Last week I wrote about a new way (for me to pray the Daily Examen). Taking that even further today . . . Before I do though, Happy Feast of St. Ignatius of Loyola!
Do you know about the Liturgy of the Hours (Divine Office or Breviary)? Does it sound long? It’s not. Does it sound rich? It totally is. The Liturgy of the Hours is the daily prayer of the Church. (Also known as the Breviary, the Hours, Divine Office, Canonical Hours – know any others? Share!) According to the Federation of Diocesan Liturgical Commissions the Liturgy of the Hours is constructed this way:
- Invitatory: This is the opening prayer of the Office and is prayed at the beginning of the day before the first hour of the Office.
- Lauds (Morning Prayer): This hour is prayed at sunrise (6AM) or in the early morning. It is one of the two most important (hinge) hours of the Office and, if possible, should be prayed in common.
- Daytime Prayers: In the post-Vatican II reform of the office, it is suggested that one of these hours, that which is most convenient for the individual, be prayed. The daytime hours are:
- Terce (Midmorning or around 10AM)
- Sext (Midday or noon)
- None (Midafternoon or around 3PM)
- Vespers (Evening Prayer): This hour is prayed at sunset, i.e. late afternoon or early evening (5:30PM). It is the second of the hinge hours and, like Morning Prayer, should be prayed in common if possible.
- Compline (Night Prayer): This is the “bedtime” hour of the Church’s daily prayer and is ordinarily prayed just before going to bed for the night.
- Officium lectionis – formerly Matins – (Office of Readings): This is the only hour which does not have a designated time. Coming out of Vatican II, it was decided that it should be left up to the person or groups praying to establish the time in which to read these. But by all means, don’t skip it. This is the part where you get to read some really great reflections and mediation from Saints and Doctors of the Church.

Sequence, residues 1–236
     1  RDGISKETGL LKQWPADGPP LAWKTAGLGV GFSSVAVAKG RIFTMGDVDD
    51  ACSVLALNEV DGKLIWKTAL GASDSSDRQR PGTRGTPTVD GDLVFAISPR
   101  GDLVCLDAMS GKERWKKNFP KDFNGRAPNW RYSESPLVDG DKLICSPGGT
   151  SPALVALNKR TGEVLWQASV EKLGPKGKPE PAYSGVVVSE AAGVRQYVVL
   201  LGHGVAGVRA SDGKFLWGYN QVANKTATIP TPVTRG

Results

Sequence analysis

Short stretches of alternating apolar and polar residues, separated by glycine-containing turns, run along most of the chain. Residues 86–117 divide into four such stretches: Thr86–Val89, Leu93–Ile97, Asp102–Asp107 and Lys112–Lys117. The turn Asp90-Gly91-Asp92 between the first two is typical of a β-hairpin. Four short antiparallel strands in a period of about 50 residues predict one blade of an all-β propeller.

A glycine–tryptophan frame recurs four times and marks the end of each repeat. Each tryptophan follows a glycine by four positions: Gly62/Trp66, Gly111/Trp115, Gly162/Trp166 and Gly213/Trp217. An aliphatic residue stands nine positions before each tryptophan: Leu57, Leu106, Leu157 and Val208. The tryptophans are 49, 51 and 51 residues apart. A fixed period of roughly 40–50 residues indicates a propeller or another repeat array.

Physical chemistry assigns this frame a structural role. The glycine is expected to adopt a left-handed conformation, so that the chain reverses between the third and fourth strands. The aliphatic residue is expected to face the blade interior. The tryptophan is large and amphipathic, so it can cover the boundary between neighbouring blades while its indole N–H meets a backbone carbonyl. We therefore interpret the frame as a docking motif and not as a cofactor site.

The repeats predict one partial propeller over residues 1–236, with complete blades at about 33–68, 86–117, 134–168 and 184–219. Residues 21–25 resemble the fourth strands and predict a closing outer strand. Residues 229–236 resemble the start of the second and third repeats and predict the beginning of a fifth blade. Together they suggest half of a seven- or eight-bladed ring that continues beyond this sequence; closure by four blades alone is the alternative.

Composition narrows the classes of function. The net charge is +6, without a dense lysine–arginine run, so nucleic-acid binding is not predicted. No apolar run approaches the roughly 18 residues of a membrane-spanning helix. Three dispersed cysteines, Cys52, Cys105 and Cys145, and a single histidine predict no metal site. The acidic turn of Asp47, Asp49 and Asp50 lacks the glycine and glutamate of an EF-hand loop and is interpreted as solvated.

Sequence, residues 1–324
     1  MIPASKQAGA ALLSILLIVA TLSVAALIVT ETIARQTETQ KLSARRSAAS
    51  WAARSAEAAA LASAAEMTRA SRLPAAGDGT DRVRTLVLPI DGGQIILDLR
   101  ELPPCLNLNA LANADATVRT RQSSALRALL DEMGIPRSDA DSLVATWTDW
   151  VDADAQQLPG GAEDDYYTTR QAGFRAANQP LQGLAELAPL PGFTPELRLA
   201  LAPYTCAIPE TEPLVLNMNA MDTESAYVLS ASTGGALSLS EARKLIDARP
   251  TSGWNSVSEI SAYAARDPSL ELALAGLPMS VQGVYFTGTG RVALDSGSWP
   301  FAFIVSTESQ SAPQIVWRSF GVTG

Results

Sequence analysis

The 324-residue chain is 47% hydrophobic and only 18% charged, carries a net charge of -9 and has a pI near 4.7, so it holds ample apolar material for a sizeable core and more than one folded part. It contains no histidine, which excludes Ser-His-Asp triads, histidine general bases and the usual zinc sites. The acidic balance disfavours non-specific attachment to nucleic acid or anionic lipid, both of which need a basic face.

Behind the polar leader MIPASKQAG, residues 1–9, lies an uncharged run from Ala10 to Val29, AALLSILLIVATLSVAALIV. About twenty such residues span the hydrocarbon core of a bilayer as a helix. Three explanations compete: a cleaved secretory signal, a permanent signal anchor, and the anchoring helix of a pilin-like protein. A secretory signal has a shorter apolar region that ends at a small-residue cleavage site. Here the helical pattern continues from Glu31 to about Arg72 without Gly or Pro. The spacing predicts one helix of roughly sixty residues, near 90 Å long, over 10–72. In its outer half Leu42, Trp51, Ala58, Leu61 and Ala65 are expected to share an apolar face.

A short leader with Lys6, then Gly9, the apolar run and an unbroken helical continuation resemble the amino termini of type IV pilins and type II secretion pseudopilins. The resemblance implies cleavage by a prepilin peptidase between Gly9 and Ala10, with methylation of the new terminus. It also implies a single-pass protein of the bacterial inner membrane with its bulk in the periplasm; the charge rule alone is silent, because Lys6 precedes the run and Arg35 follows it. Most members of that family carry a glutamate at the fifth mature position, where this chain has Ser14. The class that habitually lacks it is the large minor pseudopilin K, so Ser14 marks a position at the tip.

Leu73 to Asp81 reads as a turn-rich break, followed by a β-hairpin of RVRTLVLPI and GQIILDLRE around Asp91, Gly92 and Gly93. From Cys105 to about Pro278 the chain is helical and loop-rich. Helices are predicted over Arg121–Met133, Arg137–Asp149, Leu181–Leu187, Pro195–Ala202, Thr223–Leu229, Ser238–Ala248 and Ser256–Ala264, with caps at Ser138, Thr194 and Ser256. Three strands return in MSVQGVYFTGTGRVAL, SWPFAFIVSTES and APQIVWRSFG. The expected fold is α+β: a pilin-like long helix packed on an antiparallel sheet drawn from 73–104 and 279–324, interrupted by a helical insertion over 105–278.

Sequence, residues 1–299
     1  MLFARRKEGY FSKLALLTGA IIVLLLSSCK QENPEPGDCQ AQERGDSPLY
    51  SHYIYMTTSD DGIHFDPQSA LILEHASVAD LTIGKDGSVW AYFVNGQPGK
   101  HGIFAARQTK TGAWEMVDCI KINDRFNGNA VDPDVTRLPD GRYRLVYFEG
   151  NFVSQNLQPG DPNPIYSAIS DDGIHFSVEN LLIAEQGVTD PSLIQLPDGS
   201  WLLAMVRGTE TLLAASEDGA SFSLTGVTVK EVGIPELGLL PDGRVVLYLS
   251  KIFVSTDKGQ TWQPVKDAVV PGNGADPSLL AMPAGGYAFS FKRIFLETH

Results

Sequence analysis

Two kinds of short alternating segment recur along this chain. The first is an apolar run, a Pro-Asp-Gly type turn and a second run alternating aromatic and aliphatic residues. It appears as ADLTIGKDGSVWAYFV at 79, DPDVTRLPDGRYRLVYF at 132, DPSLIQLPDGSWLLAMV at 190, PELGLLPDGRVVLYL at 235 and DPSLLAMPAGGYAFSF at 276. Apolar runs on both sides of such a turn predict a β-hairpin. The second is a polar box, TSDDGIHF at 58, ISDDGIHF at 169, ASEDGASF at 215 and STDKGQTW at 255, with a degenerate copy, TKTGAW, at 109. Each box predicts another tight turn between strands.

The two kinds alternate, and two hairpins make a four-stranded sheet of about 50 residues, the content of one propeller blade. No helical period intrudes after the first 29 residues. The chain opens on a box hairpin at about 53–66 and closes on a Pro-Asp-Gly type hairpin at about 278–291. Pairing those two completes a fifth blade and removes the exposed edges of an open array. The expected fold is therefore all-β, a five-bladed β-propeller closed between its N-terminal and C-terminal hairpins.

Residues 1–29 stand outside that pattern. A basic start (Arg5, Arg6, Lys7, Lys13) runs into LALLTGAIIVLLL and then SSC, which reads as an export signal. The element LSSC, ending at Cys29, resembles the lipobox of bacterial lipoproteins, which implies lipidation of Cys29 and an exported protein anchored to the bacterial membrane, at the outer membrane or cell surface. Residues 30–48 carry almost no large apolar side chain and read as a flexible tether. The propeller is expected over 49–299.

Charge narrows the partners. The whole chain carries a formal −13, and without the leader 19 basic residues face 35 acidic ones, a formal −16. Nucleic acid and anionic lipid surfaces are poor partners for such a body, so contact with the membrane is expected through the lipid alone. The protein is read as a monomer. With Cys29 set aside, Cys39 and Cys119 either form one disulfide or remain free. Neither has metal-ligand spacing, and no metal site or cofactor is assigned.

I hear you. It could be overwhelming. It could be too much. Or it could be a soft place to fall when you’re hit with some stuff in your day. Almost as if you stopped by the water cooler in the office and took a drink, every time. I try to pray the Morning and Evening prayers but definitely the Night every night. The Office of Readings is always a gem, treat if you will. Shouldn’t we all be reading more scripture? Here it is, bite sized and in a way where your sharing it with the world even if you’re in your prayer closet. Set an alarm and do it. Just do the Night Prayer for a week, then add the Morning Prayer. If you can handle one of the Daytime Prayers, do it and tell me how it goes. I’ll provide you with some links for guidance and instruction in learning more about this wonderful daily sacrifice of beautiful, communal prayer.
Before I do, I had to share… Here’s what I did last night…I prayed the Night Prayer on my iPhone – and in that prayer you’re supposed to make an examination of conscience right from the get…guess what I did? I “baked” and it was perfect. More than just an “Act of Contrition” I was able to put myself wholly in the prayer and in so doing, the Lord made it deeper and more beautiful than it’s been. Try it tonight! If you don’t have the Christian Prayer book or the entire Liturgy of the Hours 4 volume set, you can download the FREE audio Compline (Night Prayer) from Surgeworks online. I have the Christian Prayer book as well as the paid Divine Office for my iPhone / iPad. You can get all of the hours (and not just the Night and Morning, here but you have to buy it. I think it’s totally worth it. What’s a few latte’s? If you’re a book-y person or one that likes to do a little more research, I would also suggest that you buy Daria Sockey’s book The Everyday Catholic’s Guide to the Liturgy of the Hours. I don’t do reviews on books at Amazon.com BUT I did for this one. It’s. that. good. In fact, I may go back now and re-read it! Here’s my review on Amazon (purchased personally):
The way this book is written is exactly how one should approach the LOTH and learn how to incorporate it in their lives – methodically and in layers. Don’t let that fool you though, there are moments of beautiful spirituality in how Sockey explains one’s approach. I especially loved Chapter 9, specifically the Scriptural Exegesis for Beginners. I devoured this book in two days.
She also has a website that’s chock-full of information including a weekly open questions segment. Delicious enough to go with our baked goods, her site is called Coffee and Canticles (kinda wish I’d come up with that one myself). I highly recommend a visit.
What are your thoughts about the Liturgy of the Hours / Baker combo? Wanna add your own croissant? Do so in the commbox! Have you tried it? How did it go?
Those links I promised (aside from the ones included throughout this post):
UPDATE! Discovering Prayer: An Introduction and Tutorial to the Liturgy of the Hours — 5th Edition 2007 By: Seth H. Murray also available with sound! This is for what I lovingly call – FANATICS! (like me)
http://www.ibreviary.com/new/index_en.html <—for my Android peeps!
And maybe there will be more variations on this theme to come…oh yeah. I’m planning!